In 1938 Max Factor launched Erace, the first makeup concealer to hit the market. Since that time concealers have become one of the most profitable segments of the cosmetic industry. There are two types of makeup products that are used to hide skin imperfections, concealers and correctors. Concealers and correctors are available in a variety of colors and formulas. When purchasing concealers and correctors we must consider the area where the products is going to be applied and what type of skin imperfection we are trying to cover.
Types of concealer:
- Liquid concealers glide easily across the skin and are very blendable. Due to lightweight formulas, liquid concealers typically offer the least amount of coverage. Liquid concealers are usually packaged in vials with a flocked doe foot applicator or clickable/twistable pens.
- Cream concealers provide more coverage than liquid concealers. Due to the creamy texture, cream concealers are ideal for dry or mature skin types. Cream concealers are often packaged in tubes or jars and applied with a synthetic brush or fingertips.
- Pot or stick concealers are highly pigmented and thicker than liquid or cream concealers. Pot or stick concealers provide the most opaque coverage and are products of choice for dark circles and other skin discolorations that are not easy to hide. In addition to skin tone shades, these formulas may also available in shades of lilac, green, yellow and orange. Often referred to as “correctors”, these shades are used to neutralize, instead of cover severe skin discolorations.
- Serum concealers are the newest breed of concealing and correcting makeup products and are designed for the anti-aging segment of the cosmetic market. Serum based concealers and correctors are highly pigmented and often contain skin loving ingredients. These formulas are my favorite option for the delicate under eye area because they are the least likely to settle into fine lines and look crepey.
Just as a painter preps his canvas prior to painting his masterpiece, the skin must be prepped before makeup is applied. As a makeup artist, always prep the skin with a moisturizer and primer then use concealers and or correctors to neutralize all discoloration in the skin before applying color cosmetics. This is especially important in the eye area where skin is thinnest and veins can be visible, creating a dark blue or purplish cast to the skin. Using a regular skin-toned concealer will not do the job and often times, make darkness look worse. In this case, a highly pigmented creamy corrector in an apricot or peach shade should be used to neutralize dark under eye circles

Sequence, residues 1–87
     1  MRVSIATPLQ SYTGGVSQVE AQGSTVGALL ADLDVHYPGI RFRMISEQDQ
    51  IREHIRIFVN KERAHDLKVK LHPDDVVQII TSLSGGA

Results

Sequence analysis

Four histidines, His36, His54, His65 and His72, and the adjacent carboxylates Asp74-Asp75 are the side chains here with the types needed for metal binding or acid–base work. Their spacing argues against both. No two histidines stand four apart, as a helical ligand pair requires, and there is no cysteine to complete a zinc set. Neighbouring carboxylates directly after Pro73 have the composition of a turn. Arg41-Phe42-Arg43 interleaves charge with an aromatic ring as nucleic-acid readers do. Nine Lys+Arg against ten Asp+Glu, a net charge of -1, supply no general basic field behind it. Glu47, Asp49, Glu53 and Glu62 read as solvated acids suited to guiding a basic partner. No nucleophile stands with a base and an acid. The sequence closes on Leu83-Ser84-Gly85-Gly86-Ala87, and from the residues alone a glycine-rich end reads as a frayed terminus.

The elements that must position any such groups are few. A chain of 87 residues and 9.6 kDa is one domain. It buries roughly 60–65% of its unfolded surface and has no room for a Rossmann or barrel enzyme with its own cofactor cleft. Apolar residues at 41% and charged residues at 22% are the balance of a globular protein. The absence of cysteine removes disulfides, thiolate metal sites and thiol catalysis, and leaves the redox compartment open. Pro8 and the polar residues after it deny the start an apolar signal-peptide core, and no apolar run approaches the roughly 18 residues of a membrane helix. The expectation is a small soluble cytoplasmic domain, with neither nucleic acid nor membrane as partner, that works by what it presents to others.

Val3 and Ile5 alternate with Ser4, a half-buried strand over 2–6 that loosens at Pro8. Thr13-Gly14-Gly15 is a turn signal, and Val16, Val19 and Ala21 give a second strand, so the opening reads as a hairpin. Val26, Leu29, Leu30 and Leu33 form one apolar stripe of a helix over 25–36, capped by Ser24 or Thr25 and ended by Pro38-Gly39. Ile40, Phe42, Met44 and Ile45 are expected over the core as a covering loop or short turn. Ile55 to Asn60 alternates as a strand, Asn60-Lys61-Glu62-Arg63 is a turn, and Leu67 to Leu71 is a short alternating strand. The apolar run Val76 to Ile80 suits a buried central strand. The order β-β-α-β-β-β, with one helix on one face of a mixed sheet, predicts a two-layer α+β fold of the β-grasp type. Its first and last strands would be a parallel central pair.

To determine the best shade of under eye concealer/corrector for dark circles your skin tone must be considered.
- Fair to light skin = bisque to light peach corrector
- Medium to dark skin = apricot to peach corrector
Recommendations for severe dark circles/hyperpigmentation:
- Bobbi Brown Intensive Skin Serum Corrector in peach $40
- Bobbi Brown Corrector in peach $25
- Trish McEvoy Correct and Brighten in shade #2 peach $40.50
- NYX Above and Beyond Full Coverage Concealer Jar in Orange $5.00
General concealing and brightening:
- Mirabella Perfecting Concealer (all shades) $28
- Hynt Beauty Duet Perfecting Concealer $24
- Neutrogena 3-in-1 Concealer For Eyes Broad Spectrum SPF 20 $9.49
- Hourglass Cosmetics Hidden Corrective Concealer $32
- Youngblood Cosmetics Ultimate Concealer $20